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Retrovirology Publishes Five Papers on XMRV and Contamination

Discussion in 'XMRV Research and Replication Studies' started by Countrygirl, Dec 20, 2010.

  1. urbantravels

    urbantravels disjecta membra

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  2. WillowJ

    WillowJ Senior Member

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    also, the important thing to remember is, the good thing about XMRV is that it got us Dr. Harvey Alter in our corner. It's because of Alter that the NIH is listening. He isn't going to change his mind that, when defined properly, this is a "serious, medical condition."

    As I've always said, with our without XMRV, we have all kinds of good, useful science that shows that we have a serious biomedical condition which is treatable.

    However, contamination doesn't explain proteins and antibodies. So I really think the science is going to maintain the XMRV in the end. It's just that newspapers have no idea how to report scientific studies in the first place, and they've tended to have a bad attitude against CFS in the second place. So the press is generally bad for now.

    http://blogs.nature.com/news/thegreatbeyond/2010/12/new_challenges_to_link_between.html
    Nature did better
     
  3. WillowJ

    WillowJ Senior Member

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    right, I checked once and this was a great big conglomerate... ok, glad you're all aware. Probably more than LA Times picked it up and it's being carried in a lot of papers who also did no reporting of their own
     
  4. Carryon

    Carryon Mike Munoz

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  5. Bob

    Bob

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    I just read funinco's comments after the LA Times article...
    http://www.latimes.com/ct-met-chronic-fatigue-xmrv-20101220,0,3617078.story
    It's interesting that Vincent Racainello had such a negative initial reaction to the papers, but on further reading, he now thinks that they aren't so significant... he's now realised that they just point the potential pitfalls of contamination.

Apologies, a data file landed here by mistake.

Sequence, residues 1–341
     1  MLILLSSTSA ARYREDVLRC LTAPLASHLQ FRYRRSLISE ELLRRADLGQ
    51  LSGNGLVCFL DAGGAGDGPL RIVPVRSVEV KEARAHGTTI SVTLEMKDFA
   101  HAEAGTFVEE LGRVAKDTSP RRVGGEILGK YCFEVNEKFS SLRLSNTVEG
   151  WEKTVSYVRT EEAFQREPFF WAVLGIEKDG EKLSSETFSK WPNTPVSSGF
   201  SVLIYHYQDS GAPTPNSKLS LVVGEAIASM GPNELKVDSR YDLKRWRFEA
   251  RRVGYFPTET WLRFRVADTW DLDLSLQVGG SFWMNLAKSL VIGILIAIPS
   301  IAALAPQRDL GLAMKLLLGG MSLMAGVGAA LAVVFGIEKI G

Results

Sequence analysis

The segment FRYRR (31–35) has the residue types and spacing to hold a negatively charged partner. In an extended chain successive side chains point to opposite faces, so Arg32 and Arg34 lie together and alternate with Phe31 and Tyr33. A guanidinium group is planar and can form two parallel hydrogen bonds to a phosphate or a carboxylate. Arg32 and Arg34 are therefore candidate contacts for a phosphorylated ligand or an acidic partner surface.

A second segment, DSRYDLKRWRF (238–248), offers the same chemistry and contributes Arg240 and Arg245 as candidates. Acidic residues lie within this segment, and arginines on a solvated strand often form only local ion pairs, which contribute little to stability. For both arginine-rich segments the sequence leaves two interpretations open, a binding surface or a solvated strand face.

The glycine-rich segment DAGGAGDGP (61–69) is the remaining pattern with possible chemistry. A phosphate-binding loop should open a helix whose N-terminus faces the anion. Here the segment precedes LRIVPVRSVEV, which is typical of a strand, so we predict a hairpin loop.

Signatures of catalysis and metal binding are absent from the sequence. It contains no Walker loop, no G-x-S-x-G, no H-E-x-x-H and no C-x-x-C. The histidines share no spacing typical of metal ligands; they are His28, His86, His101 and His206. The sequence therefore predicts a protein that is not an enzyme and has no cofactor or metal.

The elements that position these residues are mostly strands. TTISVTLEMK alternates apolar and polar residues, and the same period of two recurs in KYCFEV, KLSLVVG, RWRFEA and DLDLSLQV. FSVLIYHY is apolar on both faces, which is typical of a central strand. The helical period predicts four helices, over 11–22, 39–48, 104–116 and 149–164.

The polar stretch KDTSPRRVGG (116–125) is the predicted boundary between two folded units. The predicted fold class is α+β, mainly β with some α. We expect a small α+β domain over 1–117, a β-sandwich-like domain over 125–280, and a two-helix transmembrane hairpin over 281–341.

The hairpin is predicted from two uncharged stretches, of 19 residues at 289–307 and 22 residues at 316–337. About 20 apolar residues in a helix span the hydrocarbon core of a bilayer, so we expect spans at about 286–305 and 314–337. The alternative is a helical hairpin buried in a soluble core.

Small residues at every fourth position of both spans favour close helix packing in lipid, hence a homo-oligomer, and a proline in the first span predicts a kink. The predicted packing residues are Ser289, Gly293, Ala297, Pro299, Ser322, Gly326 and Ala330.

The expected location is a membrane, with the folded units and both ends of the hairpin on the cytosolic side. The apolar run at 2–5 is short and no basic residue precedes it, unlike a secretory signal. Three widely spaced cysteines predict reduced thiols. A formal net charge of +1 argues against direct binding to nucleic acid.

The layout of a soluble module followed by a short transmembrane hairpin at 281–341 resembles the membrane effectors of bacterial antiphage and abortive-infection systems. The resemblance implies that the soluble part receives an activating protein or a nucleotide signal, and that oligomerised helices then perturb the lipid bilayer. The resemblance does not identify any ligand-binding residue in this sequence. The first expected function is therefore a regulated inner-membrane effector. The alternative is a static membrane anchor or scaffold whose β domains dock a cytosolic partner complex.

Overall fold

I'm also looking at this comment:
    I don't know, sometimes I seem to be very slow to catch on to things...
    Can anyone tell me if the XMRV DNA integration is new news, or was it published ages ago? Has it even been published?
    I'll have a look at the references in the morning.
     
  6. Ecoclimber

    Ecoclimber Senior Member

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    Virologist Vincent Racaniello clarifies comments on death knell to xmrv and cfs

    Virologist Vincent Racaniello with comments posted here. Also includes comments on WPI's research.

    http://www.virology.ws/2010/12/21/is-xmrv-a-laboratory-contaminant/

    Also posted on this forum under news although the moderator might want to leave it in this section where the discussion seems to be taking place.
     
  7. Snow Leopard

    Snow Leopard Senior Member

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    How much diversity would there be if the virus was spread via contaminated cell culture products - eg vaccines?

    Also, what has WPI been doing research wise? If I were them I would have been investing money in genetic testing - sequencing more virus variants and trying to find evidence of genomic integration. Can someone ask Mikovits what the WPI is doing with regards to this?

    Deliberate timing to reduce the impact of certain recent events (eg Red Cross ban and patient advertisement)?
     
  8. oceanblue

    oceanblue Senior Member

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    Racaniello makes 2 comments that cast doubt on some of the findings in Retrovirology:
    First, he points out that XMRV integration has been shown, which is hard to explain by contamination:

    Bob quoted a comment on the same blog from Eric Klein:
    Then Ranaciello points out that the CFS XMRV isolates are different from the Prostate Cancer XMRV isolates discussed in the Hue paper in one particular context - so that those comment about PCR contamination won't be applicable to CFS XMRV:

     
  9. Marco

    Marco Old blackguard

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    LONG AND SPECULATIVE POST ALERT


    I don't believe that its a good idea to speculate wildly about what these results mean, especially when knowledge and expertise is limited. Best to leave that to the experts.

    But, I just can't help myself.

    Following on from Alex's comments earlier in the thread, I can't help wondering if there is any way of reconciling the findings of 'both sides' if they are both correct?


    For the sake of argument, lets assume all of the following findings are true :

    From the positive studies;


    XMRV found in 22% of patients with aggressive prostate cancer;

    XMRV found in approx 65 to 95% of PWC's;

    A very similar PMLV was found in the Lo/Alter patients but 'not XMRV';

    XMRV found in 4 to 7% of 'healthy' controls;

    While initially there appeared to little genetic diversity in patient samples of XMRV, there are also now indications that the diversity is greater than previously thought.